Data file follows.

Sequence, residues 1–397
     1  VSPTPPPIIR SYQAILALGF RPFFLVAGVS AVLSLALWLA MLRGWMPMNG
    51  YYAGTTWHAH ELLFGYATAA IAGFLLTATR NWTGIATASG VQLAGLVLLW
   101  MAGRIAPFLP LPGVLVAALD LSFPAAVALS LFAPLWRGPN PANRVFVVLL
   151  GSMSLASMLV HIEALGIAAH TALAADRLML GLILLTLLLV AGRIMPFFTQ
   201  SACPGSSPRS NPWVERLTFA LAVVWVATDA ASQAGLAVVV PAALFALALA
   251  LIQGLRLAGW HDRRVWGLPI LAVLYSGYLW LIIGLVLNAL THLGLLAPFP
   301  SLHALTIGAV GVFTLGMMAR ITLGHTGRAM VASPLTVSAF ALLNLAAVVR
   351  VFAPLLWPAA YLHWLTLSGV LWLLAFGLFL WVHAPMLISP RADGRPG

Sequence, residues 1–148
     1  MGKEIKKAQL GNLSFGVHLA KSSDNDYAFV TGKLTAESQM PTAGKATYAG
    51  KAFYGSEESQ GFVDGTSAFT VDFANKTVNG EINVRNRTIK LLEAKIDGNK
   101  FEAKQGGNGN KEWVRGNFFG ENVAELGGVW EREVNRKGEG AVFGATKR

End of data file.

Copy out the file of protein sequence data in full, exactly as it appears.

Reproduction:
Sequence, residues 1–397
     1  VSPTPPPIIR SYQAILALGF RPFFLVAGVS AVLSLALWLA MLRGWMPMNG
    51  YYAGTTWHAH ELLFGYATAA IAGFLLTATR NWTGIATASG VQLAGLVLLW
   101  MAGRIAPFLP LPGVLVAALD LSFPAAVALS LFAPLWRGPN PANRVFVVLL
   151  GSMSLASMLV HIEALGIAAH TALAADRLML GLILLTLLLV AGRIMPFFTQ
   201  SACPGSSPRS NPWVERLTFA LAVVWVATDA ASQAGLAVVV PAALFALALA
   251  LIQGLRLAGW HDRRVWGLPI LAVLYSGYLW LIIGLVLNAL THLGLLAPFP
   301  SLHALTIGAV GVFTLGMMAR ITLGHTGRAM VASPLTVSAF ALLNLAAVVR
   351  VFAPLLWPAA YLHWLTLSGV LWLLAFGLFL WVHAPMLISP RADGRPG

Sequence, residues 1–148
     1  MGKEIKKAQL GNLSFGVHLA KSSDNDYAFV TGKLTAESQM PTAGKATYAG
    51  KAFYGSEESQ GFVDGTSAFT VDFANKTVNG EINVRNRTIK LLEAKIDGNK
   101  FEAKQGGNGN KEWVRGNFFG ENVAELGGVW EREVNRKGEG AVFGATKR